We are going to take a tour through his fourteen films, every last one, and we will see what we can learn about our movie-watching counterparts of 1915.
(Movie credit definitions were not quite settled in 1915, which meant that the producer may really be the director and various cast and crew would go uncredited. I decided to use IMDB’s listings as my guide for this series.)
From the very beginning, DeMille showed a deep understanding of what movie audiences wanted. His lurid melodramas, marital comedies and grand epics continued to please movie-goers for another forty years. This natural ability to finesse the sensational and salacious into censor-proof packages ensured that he would catapult to the top ranks of the Hollywood elite.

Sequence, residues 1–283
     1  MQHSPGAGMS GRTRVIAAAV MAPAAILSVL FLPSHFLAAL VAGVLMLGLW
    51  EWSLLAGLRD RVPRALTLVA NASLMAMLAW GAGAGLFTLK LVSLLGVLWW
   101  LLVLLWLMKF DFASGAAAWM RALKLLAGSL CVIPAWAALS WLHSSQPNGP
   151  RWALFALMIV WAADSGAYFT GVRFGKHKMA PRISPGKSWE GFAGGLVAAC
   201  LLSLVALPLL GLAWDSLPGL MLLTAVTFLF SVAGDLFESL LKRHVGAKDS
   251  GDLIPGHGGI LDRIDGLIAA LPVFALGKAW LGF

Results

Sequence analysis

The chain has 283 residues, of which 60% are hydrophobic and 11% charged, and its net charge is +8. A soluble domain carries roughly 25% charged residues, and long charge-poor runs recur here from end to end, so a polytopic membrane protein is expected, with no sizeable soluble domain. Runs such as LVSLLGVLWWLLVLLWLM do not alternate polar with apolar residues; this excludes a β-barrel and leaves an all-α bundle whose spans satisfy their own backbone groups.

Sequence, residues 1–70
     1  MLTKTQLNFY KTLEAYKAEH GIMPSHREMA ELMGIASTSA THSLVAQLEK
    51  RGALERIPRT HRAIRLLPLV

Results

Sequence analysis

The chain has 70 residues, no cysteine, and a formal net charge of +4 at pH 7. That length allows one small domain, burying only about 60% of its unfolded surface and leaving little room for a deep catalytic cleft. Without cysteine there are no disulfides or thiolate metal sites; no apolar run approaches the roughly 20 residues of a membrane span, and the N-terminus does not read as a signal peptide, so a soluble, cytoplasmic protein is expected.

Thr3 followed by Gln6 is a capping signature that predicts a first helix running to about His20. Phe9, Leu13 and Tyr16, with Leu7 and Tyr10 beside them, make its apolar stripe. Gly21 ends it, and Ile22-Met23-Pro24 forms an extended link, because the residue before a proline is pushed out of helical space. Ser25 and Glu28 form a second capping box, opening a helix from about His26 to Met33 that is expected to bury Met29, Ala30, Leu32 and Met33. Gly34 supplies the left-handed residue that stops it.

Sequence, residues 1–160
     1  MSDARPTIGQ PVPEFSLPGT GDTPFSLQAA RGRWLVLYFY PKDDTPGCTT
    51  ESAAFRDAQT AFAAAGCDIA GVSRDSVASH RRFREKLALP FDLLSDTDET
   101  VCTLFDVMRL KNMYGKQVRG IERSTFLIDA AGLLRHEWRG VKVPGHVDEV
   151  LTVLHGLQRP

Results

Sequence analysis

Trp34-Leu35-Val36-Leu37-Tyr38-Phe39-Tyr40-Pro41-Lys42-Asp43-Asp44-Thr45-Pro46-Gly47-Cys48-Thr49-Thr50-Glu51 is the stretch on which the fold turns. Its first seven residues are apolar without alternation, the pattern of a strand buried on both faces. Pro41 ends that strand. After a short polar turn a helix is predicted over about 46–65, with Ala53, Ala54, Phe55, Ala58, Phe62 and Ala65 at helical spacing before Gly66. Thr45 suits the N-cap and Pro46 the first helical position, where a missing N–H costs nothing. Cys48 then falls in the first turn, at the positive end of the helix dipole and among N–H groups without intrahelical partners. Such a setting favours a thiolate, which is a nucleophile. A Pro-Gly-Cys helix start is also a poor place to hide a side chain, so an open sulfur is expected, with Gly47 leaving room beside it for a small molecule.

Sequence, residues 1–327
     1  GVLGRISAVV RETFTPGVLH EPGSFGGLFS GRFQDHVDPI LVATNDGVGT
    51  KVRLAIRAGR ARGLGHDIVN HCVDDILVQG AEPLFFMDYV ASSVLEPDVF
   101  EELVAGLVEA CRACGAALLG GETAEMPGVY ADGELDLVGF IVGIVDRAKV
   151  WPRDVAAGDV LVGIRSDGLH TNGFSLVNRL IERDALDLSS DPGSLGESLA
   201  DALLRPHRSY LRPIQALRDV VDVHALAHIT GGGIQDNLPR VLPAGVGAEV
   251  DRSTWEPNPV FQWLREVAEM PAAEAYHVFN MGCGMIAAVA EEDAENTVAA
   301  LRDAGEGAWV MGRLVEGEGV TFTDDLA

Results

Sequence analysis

This ability is the precise reason I chose to focus on Cecil B. DeMille. You want a peek at the hopes dreams and fantasies of the population of 1915? DeMille is your man! Many of his movies are cinematic junk food. We consume them, we love them but we know they are not particularly good for us. The inevitable tummy ache is worth it. However, there are still many worthy artistic endeavors in the mix.
DeMille was born to be an entertainer. His father was a playwright, his mother a theatrical manager. His older brother, William, was a successful writer and director himself. Cecil jumped into the movies at just the right moment, at the very dawn of the feature film era.
He also has the rare distinction of being one of the few talents of the silent era with a relatively small percentage of lost films. He knew that any preserving that was going to be done would have to be done by him. (DeMille was familiar enough about the business end of movies to realize what happened to most films once their usefulness had expired.)